• In the DAB network, radio signals are sent to each sender individually. In the FM network on the other hand, the main senders were fed directly, with smaller senders being fed by smaller senders higher up the chain. In the DAB network, losing a sender no longer means that transmission to the other senders is halted.
  • In addition, NRK have double senders, reserve power and reserve feeding for senders covering more than 5000 individuals (with such senders covering 90% of the Norwegian population).
  • Moreover, the DAB network is subject to operating time requirements that are higher than those of the FM network (99.9% compared with 99.8%).
  • All tunnels that previously had FM have been given DAB coverage. In addition, all channels that are available outside of the tunnel (and not just P1 and P4 in a few tunnels) are also available in the tunnel. All channels can be interrupted for important notifications.

Facts on frequencies

  • Each country’s frequency authority is responsible for administering frequencies within its territory. The DAB frequency area is the same all over Europe.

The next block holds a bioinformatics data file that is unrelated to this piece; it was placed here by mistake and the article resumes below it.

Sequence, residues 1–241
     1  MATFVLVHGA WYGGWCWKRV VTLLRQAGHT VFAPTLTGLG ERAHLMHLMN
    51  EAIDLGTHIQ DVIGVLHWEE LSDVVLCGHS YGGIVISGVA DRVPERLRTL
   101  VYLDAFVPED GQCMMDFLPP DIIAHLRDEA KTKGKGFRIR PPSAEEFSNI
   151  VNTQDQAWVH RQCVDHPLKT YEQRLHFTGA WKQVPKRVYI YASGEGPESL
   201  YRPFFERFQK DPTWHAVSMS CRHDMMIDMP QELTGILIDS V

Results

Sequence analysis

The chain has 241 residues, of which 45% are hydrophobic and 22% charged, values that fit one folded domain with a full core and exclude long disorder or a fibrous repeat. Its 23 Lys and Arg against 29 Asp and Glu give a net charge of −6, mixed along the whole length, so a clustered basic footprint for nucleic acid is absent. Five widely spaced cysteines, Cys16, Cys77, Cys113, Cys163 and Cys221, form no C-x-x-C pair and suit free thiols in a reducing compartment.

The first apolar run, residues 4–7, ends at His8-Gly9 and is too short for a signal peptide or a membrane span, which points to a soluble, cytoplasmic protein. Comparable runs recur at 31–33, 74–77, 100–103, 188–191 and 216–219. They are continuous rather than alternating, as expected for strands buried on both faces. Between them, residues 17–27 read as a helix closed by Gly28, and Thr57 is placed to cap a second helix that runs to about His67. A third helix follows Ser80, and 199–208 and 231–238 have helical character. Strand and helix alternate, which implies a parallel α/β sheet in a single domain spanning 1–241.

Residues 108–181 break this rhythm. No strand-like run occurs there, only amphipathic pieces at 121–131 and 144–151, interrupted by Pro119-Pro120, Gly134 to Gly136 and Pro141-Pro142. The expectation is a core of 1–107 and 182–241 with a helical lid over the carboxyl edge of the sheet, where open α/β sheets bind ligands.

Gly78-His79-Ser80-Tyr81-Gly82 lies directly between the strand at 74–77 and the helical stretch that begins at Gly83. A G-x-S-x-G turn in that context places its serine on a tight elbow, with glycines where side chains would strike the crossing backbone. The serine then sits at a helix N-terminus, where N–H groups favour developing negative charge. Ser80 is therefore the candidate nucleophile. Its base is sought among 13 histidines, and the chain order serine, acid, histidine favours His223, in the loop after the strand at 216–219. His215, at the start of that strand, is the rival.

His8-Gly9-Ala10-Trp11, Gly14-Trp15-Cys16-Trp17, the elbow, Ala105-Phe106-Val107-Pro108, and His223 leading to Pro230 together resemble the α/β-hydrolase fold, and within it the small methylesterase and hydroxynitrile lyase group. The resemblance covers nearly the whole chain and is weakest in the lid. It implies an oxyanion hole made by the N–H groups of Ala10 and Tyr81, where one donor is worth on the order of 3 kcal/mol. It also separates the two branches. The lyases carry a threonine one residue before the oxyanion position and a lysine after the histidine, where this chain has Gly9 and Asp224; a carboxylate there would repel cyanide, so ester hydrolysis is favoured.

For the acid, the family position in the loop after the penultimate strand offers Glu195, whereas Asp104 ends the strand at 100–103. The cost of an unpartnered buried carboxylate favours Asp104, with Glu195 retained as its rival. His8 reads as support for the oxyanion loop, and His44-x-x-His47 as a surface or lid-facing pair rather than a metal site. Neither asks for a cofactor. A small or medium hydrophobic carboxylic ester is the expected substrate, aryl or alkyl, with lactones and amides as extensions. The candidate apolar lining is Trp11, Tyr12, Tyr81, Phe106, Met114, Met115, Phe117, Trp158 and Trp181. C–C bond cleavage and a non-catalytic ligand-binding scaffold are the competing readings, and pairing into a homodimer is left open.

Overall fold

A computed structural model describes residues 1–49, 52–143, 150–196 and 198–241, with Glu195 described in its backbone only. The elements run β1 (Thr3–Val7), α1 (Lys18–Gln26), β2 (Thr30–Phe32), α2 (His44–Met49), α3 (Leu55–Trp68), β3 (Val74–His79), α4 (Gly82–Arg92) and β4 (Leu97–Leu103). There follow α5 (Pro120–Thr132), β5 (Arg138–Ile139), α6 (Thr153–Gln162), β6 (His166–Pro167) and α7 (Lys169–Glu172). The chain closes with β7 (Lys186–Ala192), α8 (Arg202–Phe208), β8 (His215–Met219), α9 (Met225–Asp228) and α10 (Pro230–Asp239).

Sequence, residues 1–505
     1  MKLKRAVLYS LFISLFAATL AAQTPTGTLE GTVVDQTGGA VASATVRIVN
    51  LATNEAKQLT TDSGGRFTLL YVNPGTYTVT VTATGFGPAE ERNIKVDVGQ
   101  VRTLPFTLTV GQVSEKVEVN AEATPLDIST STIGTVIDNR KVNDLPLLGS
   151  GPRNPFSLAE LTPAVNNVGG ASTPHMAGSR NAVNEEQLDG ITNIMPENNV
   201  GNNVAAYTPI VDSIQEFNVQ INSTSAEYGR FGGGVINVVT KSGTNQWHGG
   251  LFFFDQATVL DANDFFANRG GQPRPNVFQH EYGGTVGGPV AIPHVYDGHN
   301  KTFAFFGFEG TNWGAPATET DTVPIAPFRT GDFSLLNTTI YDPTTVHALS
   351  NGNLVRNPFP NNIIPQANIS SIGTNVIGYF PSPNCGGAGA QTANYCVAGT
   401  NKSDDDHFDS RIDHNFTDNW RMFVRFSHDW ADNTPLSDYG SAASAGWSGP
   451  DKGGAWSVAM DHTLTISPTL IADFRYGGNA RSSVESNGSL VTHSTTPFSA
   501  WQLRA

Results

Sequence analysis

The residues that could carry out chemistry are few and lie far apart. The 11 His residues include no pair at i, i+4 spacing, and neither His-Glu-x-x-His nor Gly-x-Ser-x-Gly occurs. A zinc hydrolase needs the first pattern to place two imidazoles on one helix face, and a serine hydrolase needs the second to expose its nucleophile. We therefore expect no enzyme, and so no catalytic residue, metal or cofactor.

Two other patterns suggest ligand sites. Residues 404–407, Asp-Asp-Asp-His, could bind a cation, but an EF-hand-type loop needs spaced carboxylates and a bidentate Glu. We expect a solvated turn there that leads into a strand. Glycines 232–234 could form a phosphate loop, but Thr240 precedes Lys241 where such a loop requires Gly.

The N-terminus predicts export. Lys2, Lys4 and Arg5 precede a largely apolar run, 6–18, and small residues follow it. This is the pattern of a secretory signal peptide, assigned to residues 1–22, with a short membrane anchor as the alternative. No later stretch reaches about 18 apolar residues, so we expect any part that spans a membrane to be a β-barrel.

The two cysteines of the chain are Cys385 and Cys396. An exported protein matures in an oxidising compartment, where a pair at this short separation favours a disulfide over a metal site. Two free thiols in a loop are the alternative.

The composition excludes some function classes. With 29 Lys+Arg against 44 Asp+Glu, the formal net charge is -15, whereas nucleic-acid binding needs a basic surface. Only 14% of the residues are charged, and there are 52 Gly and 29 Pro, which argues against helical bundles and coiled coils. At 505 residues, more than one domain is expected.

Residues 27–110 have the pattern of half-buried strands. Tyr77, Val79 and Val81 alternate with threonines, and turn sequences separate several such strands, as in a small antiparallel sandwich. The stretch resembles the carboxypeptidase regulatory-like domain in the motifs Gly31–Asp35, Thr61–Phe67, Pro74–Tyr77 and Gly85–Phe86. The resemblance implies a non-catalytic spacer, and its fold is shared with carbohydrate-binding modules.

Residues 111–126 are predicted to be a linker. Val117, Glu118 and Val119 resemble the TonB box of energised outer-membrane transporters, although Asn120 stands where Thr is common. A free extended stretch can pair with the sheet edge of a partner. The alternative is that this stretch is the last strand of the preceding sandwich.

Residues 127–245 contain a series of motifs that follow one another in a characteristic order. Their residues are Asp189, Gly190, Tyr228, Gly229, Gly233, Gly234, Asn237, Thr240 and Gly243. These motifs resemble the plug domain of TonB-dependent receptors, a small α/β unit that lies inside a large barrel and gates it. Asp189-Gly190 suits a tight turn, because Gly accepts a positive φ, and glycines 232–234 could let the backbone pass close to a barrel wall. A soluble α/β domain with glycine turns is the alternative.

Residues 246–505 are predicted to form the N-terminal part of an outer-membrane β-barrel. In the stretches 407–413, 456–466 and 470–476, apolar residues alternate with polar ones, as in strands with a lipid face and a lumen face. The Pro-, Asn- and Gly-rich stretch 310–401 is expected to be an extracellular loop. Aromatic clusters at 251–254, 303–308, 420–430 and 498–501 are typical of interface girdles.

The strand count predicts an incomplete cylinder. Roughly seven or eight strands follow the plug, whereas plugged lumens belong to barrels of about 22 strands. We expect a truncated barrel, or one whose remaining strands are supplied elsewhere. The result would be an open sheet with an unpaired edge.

• Many European countries have allocated frequencies to DAB transmissions, including several of our most important allies such as the United Kingdom, Germany, the Netherlands, Belgium, Denmark, Italy and France.
  • Norwegian frequency authorities do not permit the use of frequencies that disturb Norwegian radio transmission. Incorrect use and unintentional disturbances may occur, but this type of disturbance can affect all broadcasting and electronic communication in Norway. The Norwegian Communication Authority’s activities include working closely with the armed forces to avoid such disturbances.
  • The NRK’s responsibilities include emergency preparedness. This is regulated in a dedicated regulation on Norwegian broadcasting operation in an emergency preparedness and war setting.

Facts on local radio broadcasting and digitisation

  • In accordance with a white paper on local radio, approximately 215 local radio licensees were in 2016 offered a free five-year extension on their licences; at the same time, the conditions for sending on the FM network were liberalised.
  • Since 2016, no extensions have been given for FM licences with significant coverage in Norway’s four largest cities or new licences announced. This includes 23 licences, of which 22 are already broadcasting DAB signals.

Further information on the changeover to DAB+ is available on the Norwegian Media Authority’s web pages on digital radio

This is how DAB affects you